Senator Blair. -- "Shall be."
Mr. Jones. -- "Shall be this world's king."
Senator Blair. -- But you are a clergyman, and you read the Bible to us.
Mr. Jones. -- I am going to read a passage presently right on this point.
Senator Blair. -- Is it not in the same Bible that the time when Christ is to be the king, is the present?
Mr. Jones. -- I am going to read a passage from the Bible in connection with this subject. Allow me to finish this extract: --
"The Woman's Christian Temperance Union, local, State, national, and worldwide, has one vital, organic thought, one all-absorbing purpose, one undying enthusiasm, and that is that Christ shall be this world's king; -- yea, verily, THIS WORLD'S KING in its realm of cause and effect, -- king of its courts, its camps, its commerce, -- king of its colleges and cloisters, -- king of its customs and constitutions. . . . The kingdom of Christ must enter the realm of law through the gateway of politics."
That emphasizes "this world's king." Jesus Christ himself said, "My kingdom is not of this world." Then assuredly the Woman's Christian Temperance Union stands against the words of Jesus Christ, in saying that he shall be this world's king; and that that kingdom is to enter the realm of the law through the gate-way of politics. Jesus Christ has his entrance through the gate-way of the gospel, and not through politics.
Nor did this purpose end with the Nashville National Woman's Christian Temperance Union convention. The proposition was repeated by the New York national convention last summer, in the following resolution:
-- "Resolved, That Christ and his gospel, as universal king and code, should be sovereign in our Government and political affairs."
Well, let us apply the resolution. Suppose the gospel were adopted as the code of this Government. It is the duty of every court to act in accordance with the code. There is a statute in that code which says,
-- "If thy brother trespass against thee, rebuke him; and if he repent, forgive him. And if the trespass against thee seven times in a day, and seven times in a day turn again to thee, saying, I repent; thou shalt forgive him."
Suppose, then, a man steals a horse. He is arrested, tried, and found guilty. He says, "I repent." "Thou shalt forgive him," says the code, and the Government must conform to the code. He is released, and repeats the act; is again arrested and found guilty. He says, "I repent." "Thou shalt forgive him," says the code.
And if he repeats the offense seven times in a day, and seven times in a day turns to the court, saying, : I repent," the Government must forgive him, for so says that which the Woman's Christian Temperance Union has resolved should be the governmental code.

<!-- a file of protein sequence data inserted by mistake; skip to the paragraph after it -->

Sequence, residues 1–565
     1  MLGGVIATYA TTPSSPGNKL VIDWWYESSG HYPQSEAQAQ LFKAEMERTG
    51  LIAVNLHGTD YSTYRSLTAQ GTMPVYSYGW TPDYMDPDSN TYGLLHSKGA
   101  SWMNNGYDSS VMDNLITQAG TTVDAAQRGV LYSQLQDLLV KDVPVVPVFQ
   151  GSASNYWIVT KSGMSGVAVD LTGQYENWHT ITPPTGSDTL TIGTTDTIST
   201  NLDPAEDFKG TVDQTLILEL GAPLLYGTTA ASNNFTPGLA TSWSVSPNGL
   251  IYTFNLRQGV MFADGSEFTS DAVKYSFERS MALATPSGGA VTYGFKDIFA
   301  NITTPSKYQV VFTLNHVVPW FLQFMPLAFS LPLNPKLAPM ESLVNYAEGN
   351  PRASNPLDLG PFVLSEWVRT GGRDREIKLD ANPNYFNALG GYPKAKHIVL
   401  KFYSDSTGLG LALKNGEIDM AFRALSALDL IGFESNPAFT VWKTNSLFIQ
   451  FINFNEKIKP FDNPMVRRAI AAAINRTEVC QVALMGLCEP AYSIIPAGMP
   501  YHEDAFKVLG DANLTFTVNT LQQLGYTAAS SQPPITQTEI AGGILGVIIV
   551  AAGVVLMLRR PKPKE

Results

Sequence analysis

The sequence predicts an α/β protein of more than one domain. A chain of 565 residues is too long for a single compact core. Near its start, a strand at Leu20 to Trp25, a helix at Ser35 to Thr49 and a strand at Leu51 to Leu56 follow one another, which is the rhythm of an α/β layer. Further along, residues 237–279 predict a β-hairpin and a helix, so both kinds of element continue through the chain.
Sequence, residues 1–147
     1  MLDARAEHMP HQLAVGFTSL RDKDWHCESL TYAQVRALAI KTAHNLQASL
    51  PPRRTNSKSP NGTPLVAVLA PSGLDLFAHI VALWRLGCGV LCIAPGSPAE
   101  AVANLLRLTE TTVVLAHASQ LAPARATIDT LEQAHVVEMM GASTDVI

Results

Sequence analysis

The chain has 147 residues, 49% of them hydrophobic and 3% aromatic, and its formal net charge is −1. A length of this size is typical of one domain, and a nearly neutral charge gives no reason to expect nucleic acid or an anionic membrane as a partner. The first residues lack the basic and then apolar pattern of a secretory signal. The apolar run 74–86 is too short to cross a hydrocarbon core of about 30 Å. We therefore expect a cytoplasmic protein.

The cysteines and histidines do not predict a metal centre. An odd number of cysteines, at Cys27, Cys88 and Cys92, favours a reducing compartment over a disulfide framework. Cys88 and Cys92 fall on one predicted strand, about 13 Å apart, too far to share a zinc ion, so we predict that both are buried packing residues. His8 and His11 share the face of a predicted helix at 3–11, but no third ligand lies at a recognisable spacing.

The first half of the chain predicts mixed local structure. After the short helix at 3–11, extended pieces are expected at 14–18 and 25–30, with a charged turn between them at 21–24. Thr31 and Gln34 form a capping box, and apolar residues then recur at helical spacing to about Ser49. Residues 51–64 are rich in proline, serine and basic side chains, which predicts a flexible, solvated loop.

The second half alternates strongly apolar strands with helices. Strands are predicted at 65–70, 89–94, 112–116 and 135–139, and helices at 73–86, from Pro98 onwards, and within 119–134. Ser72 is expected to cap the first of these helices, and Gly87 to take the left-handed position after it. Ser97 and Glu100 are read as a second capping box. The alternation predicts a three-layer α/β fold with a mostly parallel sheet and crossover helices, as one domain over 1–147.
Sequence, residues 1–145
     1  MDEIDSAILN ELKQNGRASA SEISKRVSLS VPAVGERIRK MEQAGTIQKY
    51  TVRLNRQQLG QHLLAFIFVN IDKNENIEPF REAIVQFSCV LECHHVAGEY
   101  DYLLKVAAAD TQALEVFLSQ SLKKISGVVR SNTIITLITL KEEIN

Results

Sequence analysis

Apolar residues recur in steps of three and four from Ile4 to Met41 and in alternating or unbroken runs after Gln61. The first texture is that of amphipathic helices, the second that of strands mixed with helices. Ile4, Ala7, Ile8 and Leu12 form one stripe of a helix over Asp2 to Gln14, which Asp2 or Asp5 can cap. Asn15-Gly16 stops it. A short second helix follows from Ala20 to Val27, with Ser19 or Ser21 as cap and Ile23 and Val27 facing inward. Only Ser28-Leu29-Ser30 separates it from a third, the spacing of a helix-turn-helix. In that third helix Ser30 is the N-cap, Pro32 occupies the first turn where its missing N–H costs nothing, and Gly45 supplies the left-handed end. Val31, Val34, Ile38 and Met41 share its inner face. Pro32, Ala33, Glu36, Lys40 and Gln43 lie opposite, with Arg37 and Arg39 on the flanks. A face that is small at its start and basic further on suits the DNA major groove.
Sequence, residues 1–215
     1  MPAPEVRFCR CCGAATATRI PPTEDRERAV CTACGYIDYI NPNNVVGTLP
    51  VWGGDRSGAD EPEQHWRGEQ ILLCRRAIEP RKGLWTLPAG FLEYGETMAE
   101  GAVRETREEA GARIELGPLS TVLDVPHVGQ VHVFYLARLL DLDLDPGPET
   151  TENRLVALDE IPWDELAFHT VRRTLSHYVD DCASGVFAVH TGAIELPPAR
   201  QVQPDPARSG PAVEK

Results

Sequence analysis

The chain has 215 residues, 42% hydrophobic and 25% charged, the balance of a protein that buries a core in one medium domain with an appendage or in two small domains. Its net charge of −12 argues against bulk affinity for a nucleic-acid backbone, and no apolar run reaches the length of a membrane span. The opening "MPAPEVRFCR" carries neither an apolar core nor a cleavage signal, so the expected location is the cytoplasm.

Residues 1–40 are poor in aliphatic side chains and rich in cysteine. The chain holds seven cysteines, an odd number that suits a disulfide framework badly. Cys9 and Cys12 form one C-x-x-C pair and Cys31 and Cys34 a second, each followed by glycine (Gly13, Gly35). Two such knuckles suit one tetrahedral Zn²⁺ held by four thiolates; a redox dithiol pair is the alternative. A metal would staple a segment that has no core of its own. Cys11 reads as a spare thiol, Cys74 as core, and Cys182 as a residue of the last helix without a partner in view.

Any such system as that would destroy civil government in twenty-four hours. This is not saying anything against the Bible, nor against its principles. It is only illustrating the absurd perversion of its principles by these people who want to establish a system of religious legislation here. God's government is moral, and he has made provision for maintaining his government with the forgiveness of transgression. But he has made no such provision for civil government. No such provision can be made, and civil government be maintained. The Bible reveals God's method of saving those who sin against his moral government; civil government is man's method of preserving order, and has nothing to do with sin, nor the salvation of sinners. If civil government arrests a thief or a murderer and finds him guilty, the penalty must be executed, though the Lord does forgive him.
The theocratical theory referred to seems to pervade the whole body, for the eighth district of the Woman's Christian Temperance Union, at Augusta, Wis., Oct. 2-4, 1888, representing fifteen counties, passed this resolution:
-- "Whereas, God would have all men honor the Son, even as they honor the Father; and,
-- "Whereas, The civil law which Christ gave from Sinai is the only perfect law, and the only law that will secure the rights of all classes; therefore,
-- "Resolved, That civil government should recognize Christ as the moral Governor, and his law as the standard of legislation."
The law which Christ gave from Sinai is not a civil law; it is the moral law. But if that be a civil law, and this a civil government, what in the world does a civil government want with a moral Governor? These excellent women should be informed that civil government is based upon civil law, and has civil governors only. Moral government is founded in moral law, and has a moral Governor only. Any governmental theory that confounds these is a theocratical theory, which is precisely the governmental theory of the Woman's Christian Temperance Union, as is demonstrated by these proofs. And any theocratical theory of government since Christ died, is the theory of the papacy.